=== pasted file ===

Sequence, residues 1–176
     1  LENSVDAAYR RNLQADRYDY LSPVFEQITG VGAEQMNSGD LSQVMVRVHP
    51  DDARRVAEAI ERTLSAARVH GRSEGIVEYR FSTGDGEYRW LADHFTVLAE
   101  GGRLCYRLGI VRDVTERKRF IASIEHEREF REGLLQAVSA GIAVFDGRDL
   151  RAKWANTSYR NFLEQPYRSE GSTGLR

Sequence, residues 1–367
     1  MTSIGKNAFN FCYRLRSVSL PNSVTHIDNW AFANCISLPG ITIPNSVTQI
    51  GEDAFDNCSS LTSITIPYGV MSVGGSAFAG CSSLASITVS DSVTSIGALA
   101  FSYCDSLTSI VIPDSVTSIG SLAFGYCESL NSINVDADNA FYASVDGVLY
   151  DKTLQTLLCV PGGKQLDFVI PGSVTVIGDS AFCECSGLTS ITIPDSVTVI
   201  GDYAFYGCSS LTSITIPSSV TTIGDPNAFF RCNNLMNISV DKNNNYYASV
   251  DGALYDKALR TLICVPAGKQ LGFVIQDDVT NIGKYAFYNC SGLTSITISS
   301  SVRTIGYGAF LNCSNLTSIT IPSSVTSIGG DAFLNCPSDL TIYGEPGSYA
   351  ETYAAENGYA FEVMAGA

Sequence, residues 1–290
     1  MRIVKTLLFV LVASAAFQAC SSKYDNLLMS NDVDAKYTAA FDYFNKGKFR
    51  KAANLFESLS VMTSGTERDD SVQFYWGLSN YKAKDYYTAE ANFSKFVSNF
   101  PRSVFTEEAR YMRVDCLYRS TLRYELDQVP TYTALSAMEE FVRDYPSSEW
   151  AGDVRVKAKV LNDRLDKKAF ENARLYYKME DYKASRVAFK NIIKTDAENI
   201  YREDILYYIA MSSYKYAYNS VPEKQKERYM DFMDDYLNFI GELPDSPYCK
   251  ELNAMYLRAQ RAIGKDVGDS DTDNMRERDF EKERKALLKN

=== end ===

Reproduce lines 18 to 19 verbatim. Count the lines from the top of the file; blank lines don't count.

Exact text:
   101  PRSVFTEEAR YMRVDCLYRS TLRYELDQVP TYTALSAMEE FVRDYPSSEW
   151  AGDVRVKAKV LNDRLDKKAF ENARLYYKME DYKASRVAFK NIIKTDAENI